Big-government Tories have left Labour an open goal

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For anyone who thinks the Conservative party is turning back towards its small state beliefs, may I present the Football Governance bill. This measure creates a new regulator for the business of soccer, designed to license owners of lower league clubs to help ensure they do not drag their team into insolvency.

For some Tories, this is a more benign aspect of identity politics, which recognises pride in the place where you live, but it is hard to think of a measure less in tune with the party’s self-image. Nor does the desire to safeguard communities sit easily with a party which unapologetically ripped the centre out of towns by closing uneconomic mines and steel plants. Heavy industry can go, but football is seemingly such an essential activity it requires a regulator to protect businesses which struggle to attract 5,000 paying customers a week. Apparently Accrington Stanley is a right, not a privilege.

This is no isolated electoral calculation, although the 2019 election increased Tory representation in towns with lower league clubs. Other examples of Conservative big government initiatives include a huge expansion of state-funded childcare, a phased ban on smoking and the continued growth of in-work welfare benefits — not to mention the net zero commitments against which some MPs are now kicking. It is possible to justify any or all of these measures. What is not possible is to see them as the actions of a government which believes the state has got too large. And if this has left Tories feeling uneasy, it has created a significant opportunity for the more interventionist Labour party.

It is true that the chancellor is seeking greater productivity from the NHS and lower welfare costs from getting more people back to work. And that Rishi Sunak curtailed HS2. But this is hardly a record to cheer economic liberals. A party that cannot even keep the state out of soccer is not likely to roll back the frontiers of Whitehall.

The same is true of public spending. The Tory right is far better at demanding cuts than it is at supporting them. There are free-market Conservatives salivating over the progress of Javier Milei in Argentina. Yet there is no evidence that they are ready to engage in the gruelling task of cutting public expenditure. The last to try this was George Osborne and all the subsequent leaders of his party triumphed by opposing further austerity. Theresa May and Boris Johnson’s governments saw the voters they were wooing were socially conservative but economically left-leaning.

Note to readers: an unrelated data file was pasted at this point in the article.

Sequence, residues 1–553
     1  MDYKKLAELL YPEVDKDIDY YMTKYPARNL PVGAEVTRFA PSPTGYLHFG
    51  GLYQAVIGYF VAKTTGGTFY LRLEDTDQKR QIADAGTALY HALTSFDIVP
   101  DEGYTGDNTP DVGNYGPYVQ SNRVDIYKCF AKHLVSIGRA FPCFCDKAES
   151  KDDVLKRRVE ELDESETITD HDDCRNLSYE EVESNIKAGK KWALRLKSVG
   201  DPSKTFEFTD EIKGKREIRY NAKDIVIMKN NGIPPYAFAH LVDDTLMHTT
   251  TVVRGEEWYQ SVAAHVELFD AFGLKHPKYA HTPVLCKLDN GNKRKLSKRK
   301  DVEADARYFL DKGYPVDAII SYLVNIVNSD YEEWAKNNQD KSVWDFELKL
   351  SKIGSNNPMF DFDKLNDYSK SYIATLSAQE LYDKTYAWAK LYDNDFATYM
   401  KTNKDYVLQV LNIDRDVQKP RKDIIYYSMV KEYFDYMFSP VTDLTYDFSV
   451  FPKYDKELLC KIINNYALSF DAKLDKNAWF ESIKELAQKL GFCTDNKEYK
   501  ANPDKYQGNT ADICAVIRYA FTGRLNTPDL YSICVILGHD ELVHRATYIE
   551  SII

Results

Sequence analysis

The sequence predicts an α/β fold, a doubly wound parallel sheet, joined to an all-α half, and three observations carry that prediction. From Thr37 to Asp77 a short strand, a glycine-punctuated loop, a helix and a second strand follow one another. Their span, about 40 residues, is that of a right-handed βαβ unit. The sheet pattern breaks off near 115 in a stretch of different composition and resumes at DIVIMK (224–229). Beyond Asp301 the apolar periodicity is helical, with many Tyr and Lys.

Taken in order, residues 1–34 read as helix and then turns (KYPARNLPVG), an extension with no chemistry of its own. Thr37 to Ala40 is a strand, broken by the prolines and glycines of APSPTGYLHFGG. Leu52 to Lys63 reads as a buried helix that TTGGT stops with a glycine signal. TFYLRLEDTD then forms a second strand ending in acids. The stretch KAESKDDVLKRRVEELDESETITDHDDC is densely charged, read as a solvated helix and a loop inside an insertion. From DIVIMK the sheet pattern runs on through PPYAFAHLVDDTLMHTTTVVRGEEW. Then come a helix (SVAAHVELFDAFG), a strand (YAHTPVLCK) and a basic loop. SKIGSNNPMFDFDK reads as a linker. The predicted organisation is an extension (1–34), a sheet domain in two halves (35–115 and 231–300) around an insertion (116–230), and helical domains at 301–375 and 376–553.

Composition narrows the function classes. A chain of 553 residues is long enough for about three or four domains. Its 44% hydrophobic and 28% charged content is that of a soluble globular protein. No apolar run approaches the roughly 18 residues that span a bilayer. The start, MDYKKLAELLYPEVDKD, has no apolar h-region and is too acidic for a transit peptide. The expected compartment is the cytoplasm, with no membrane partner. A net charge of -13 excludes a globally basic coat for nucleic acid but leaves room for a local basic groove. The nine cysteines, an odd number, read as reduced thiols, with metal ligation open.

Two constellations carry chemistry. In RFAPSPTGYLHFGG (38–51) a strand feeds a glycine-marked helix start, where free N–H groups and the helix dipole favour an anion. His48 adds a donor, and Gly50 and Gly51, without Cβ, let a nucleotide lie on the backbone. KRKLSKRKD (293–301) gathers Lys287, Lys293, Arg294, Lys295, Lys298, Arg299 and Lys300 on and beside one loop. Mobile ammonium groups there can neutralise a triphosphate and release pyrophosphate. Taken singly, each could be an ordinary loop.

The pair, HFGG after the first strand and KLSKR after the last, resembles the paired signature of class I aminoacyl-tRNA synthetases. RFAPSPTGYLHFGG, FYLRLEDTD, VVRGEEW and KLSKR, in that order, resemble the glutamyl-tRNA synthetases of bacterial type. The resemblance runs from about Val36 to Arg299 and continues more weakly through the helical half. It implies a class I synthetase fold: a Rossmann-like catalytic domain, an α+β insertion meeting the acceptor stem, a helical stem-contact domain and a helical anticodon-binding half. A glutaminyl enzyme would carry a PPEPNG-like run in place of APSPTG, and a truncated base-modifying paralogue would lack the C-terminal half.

The chancellor, Jeremy Hunt, has promised unspecified savings to fund cuts to National Insurance. But you will struggle to find a leading Conservative setting out, seriously, what the government should stop doing. 

Since 2016 the Tory agenda has been underpinned by a belief in the “active state”, one that intervenes to promote regional growth, improve workplace skills and invest heavily in science, clean energy and technology. 

Thrown into opposition, Conservatives may shift back towards small-statism. But it is not clear that they would be willing to campaign openly on real cuts to spending or that the electorate would reward them if they did.

But if this is all rather difficult for Tories, it has made life far easier for Labour, as shown by Rachel Reeves in her Mais Lecture on Tuesday. What the shadow chancellor hailed as a “new model of economic management” is uncannily close to Johnson’s, albeit pursued with more conviction. Where once Labour might have feared appearing statist, its path has been smoothed by political consensus created by the Tories.

For her central argument is familiar, namely that insecure times demand the benign presence of a “strategic” — or active — state to build up UK resilience to geoeconomic forces. This is not, she insists, another name for big government, not least because power may be decentralised. But the opaque phrase includes planning reform to secure more homes and key infrastructure by overriding local objections, more rights at work, the ambition to shape industrial policy through what Labour likes to call a partnership with business, a new public utility investing in clean energy and a more receptive approach to regulation.

Reeves’ primary prescriptions are less a wildly new economic strategy than a period of political stability to reassure investors and business. She largely backs Hunt on welfare changes to boost the workforce and on unlocking pension fund investment in UK business and infrastructure. Reassurance comes with her prioritising growth to fund Labour’s ambitions.

Her talk of the strategic state is more cautious than Tony Blair’s but the still-influential former premier is pushing an expansive vision to include active use of citizens’ health data, driving forward AI in public services and the forced merger of small pension funds. 

There is a scenario in which a Labour government disappoints voters and is speedily replaced by a more economically liberal Conservative party. But even without the twin shocks of the pandemic and energy crisis, the Tories helped wean the country off leaner public services and the belief that the state cannot be the answer to every problem. 

It is going to take hard work to rewin that argument. The demands on government are growing and an interventionist Labour party finds itself playing on a pitch the Tories rolled.


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